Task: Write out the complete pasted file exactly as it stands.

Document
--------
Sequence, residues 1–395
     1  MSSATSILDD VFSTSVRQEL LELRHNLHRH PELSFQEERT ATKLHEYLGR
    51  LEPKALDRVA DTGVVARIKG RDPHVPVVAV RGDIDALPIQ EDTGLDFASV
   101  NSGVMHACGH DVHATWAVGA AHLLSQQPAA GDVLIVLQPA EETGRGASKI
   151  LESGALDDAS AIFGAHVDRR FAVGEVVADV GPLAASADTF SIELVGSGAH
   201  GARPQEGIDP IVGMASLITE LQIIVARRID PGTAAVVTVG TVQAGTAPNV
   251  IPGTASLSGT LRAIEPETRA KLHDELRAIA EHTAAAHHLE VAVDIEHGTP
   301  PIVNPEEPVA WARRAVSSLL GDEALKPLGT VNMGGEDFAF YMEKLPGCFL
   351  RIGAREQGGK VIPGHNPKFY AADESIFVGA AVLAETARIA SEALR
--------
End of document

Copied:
Sequence, residues 1–395
     1  MSSATSILDD VFSTSVRQEL LELRHNLHRH PELSFQEERT ATKLHEYLGR
    51  LEPKALDRVA DTGVVARIKG RDPHVPVVAV RGDIDALPIQ EDTGLDFASV
   101  NSGVMHACGH DVHATWAVGA AHLLSQQPAA GDVLIVLQPA EETGRGASKI
   151  LESGALDDAS AIFGAHVDRR FAVGEVVADV GPLAASADTF SIELVGSGAH
   201  GARPQEGIDP IVGMASLITE LQIIVARRID PGTAAVVTVG TVQAGTAPNV
   251  IPGTASLSGT LRAIEPETRA KLHDELRAIA EHTAAAHHLE VAVDIEHGTP
   301  PIVNPEEPVA WARRAVSSLL GDEALKPLGT VNMGGEDFAF YMEKLPGCFL
   351  RIGAREQGGK VIPGHNPKFY AADESIFVGA AVLAETARIA SEALR